Does Sunitinib Have A Future in Renal Cell Carcinoma Treatment?
Immunotherapy may supplant sunitinib in RCC, except for in patients who cannot tolerate checkpoint inhibition.
In a landmark change of disease management, the US Food and Drug Administration (FDA) approved sunitinib in 2006 as a first-line therapy for advanced renal cell carcinoma (RCC).1 The drug, a novel tyrosine kinase inhibitor (TKI), was associated with higher response rates, longer progression-free survival (PFS), and less toxicity than interferon-alpha, the previous standard of care.2
The results of a recent phase 3 trial suggest, however, that sunitinib could largely be replaced by immunotherapy in the first-line setting, though this TKI may be finding new, albeit limited, use in the adjuvant setting. In November 2017, it gained FDA approval for patients who have undergone a nephrectomy and are at high risk of recurrence, though the approval is controversial.3
The phase 3 trial, CheckMate-214, included 1096 previously untreated patients with advanced RCC.4 Researchers randomly assigned 546 patients to receive oral sunitinib daily for 4 weeks, while 550 received a combination of immune checkpoint inhibitors, nivolumab and ipilimumab, intravenously over several months.
The patients who received nivolumab and ipilimumab had an 18-month overall survival (OS) rate of 75% vs 60% with sunitinib. The median OS had not been reached in the nivolumab and ipilimumab group vs 26 months in the sunitinib group. The objective response rate (ORR) was also higher with the immunotherapy combination than sunitinib, at 42% and 27%, respectively.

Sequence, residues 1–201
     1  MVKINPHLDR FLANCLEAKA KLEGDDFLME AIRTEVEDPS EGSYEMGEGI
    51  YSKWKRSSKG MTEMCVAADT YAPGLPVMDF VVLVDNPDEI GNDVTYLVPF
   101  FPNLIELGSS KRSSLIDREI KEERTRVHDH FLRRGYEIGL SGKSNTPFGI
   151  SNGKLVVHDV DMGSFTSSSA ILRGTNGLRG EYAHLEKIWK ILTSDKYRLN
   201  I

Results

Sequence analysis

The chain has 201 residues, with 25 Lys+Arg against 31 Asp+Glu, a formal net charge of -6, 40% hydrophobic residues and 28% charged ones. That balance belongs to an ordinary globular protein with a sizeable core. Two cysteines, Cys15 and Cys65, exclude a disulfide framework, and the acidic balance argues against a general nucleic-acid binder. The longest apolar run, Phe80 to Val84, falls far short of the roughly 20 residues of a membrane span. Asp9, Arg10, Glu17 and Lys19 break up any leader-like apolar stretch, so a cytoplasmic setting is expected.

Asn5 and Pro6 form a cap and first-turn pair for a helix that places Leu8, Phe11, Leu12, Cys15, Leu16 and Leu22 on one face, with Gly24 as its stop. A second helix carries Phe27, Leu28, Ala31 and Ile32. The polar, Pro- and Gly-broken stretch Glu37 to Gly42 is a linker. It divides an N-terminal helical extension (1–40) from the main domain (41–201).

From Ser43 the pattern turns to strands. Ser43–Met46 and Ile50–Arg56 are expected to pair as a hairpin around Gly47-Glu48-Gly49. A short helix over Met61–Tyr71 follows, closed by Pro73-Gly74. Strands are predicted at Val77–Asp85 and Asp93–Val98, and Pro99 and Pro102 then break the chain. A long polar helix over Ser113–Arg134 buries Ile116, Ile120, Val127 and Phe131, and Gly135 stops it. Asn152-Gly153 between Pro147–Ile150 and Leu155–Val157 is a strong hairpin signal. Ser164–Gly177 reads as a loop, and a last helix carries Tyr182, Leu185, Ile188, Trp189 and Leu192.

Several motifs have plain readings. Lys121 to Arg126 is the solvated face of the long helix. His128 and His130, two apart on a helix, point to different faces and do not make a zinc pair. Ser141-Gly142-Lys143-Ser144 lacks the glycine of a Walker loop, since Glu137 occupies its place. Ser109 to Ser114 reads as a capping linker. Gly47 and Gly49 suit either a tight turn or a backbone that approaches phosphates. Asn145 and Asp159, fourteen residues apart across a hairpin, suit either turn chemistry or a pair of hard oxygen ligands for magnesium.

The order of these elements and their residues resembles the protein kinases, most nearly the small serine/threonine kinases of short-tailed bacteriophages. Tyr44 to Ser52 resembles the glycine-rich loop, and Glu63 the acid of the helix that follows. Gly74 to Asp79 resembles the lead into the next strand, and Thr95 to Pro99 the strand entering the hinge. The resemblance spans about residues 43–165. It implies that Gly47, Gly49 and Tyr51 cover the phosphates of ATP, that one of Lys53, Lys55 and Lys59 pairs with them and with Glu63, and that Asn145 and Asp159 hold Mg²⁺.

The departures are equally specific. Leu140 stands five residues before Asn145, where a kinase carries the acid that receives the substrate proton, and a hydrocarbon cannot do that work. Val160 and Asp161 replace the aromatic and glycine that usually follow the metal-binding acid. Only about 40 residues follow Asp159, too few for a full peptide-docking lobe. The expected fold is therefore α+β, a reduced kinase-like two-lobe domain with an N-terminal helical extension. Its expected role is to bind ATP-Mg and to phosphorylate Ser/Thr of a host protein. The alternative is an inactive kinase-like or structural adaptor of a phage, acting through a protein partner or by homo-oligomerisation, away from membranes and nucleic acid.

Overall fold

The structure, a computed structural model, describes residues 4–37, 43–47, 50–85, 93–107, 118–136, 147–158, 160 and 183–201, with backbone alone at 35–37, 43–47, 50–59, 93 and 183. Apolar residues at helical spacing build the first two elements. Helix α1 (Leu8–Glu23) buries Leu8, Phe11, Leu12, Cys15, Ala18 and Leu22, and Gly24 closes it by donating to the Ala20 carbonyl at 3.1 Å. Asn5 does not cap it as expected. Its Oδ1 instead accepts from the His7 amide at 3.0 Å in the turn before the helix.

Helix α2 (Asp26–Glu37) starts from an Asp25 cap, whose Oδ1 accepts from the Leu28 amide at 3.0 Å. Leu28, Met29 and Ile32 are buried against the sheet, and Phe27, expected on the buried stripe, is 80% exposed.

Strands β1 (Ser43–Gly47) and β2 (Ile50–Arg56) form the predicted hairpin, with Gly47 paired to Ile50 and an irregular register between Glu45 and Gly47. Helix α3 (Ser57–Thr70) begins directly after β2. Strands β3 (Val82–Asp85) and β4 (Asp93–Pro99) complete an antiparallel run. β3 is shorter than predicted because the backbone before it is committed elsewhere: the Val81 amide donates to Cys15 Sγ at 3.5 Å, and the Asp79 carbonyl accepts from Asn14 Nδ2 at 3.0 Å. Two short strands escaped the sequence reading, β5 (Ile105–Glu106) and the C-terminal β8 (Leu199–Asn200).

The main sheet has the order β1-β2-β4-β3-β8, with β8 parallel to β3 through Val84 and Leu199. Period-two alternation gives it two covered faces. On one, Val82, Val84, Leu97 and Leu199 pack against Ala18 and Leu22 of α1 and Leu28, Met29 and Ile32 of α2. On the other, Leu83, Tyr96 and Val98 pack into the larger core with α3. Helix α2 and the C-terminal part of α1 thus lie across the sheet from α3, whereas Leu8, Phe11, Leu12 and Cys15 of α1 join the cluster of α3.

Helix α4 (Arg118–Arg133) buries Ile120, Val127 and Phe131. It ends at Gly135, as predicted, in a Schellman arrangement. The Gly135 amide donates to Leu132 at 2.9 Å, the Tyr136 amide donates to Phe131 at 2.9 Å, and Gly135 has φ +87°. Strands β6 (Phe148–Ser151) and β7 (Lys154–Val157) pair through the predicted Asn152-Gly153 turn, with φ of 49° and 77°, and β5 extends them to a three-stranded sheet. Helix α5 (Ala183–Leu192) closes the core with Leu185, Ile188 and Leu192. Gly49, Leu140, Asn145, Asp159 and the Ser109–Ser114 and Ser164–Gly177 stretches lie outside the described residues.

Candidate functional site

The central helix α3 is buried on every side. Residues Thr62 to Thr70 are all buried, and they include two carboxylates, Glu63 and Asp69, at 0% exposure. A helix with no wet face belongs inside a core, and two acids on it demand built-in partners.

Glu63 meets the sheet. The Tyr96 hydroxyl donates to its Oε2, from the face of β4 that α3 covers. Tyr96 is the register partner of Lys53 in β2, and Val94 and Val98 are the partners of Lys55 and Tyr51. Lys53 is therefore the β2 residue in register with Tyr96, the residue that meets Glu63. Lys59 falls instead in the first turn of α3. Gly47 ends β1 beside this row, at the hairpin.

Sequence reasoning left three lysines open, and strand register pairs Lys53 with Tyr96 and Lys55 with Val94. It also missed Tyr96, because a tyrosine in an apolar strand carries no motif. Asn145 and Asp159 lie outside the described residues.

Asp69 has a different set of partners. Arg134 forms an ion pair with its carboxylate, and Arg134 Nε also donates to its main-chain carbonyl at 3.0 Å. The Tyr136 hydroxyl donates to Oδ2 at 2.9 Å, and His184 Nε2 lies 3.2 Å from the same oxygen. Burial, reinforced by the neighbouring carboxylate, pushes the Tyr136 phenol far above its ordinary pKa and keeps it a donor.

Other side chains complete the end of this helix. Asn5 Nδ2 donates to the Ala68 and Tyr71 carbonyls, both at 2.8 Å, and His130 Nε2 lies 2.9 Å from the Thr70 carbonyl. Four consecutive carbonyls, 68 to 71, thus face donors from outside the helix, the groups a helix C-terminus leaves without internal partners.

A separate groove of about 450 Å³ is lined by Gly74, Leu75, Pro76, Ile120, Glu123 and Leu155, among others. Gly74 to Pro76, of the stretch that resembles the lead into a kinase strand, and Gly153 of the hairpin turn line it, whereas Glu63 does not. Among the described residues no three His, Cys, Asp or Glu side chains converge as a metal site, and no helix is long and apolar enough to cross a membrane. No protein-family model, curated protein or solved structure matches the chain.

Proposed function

Grade 3 or 4 adverse events, furthermore, occurred in 46% of patients who received immunotherapy compared with 63% in the sunitinib group.
The combination of nivolumab and ipilimumab “will be approved any day” as first-line therapy for patients with advanced RCC, Brian Rini, MD, of the Cleveland Clinic in Ohio, told Cancer Therapy Advisor. Nivolumab is already FDA-approved for patients with advanced RCC who progress following anti-angiogenic therapy.5
The immunotherapy combination “will largely supplant the use of sunitinib” except for in patients who cannot tolerate nivolumab and ipilimumab, said Dr Rini, one of the investigators of CheckMate-214, the results of which were published in the New England Journal of Medicine in April.4 Other combinations are being tested, he added.
The tolerability of nivolumab and ipilimumab will probably not be an issue for most patients, said Bradley McGregor, MD, of the Dana-Farber Cancer Institute in Boston, Massachusetts, who was not involved in the trial. Dr McGregor noted that CheckMate-214 used a lower dose of ipilimumab (1 mg per kilogram every 3 weeks for a total of 4 doses) than clinicians use to treat metastatic melanoma (3 mg per kilogram), which could result in lower rates of immune-related toxicities.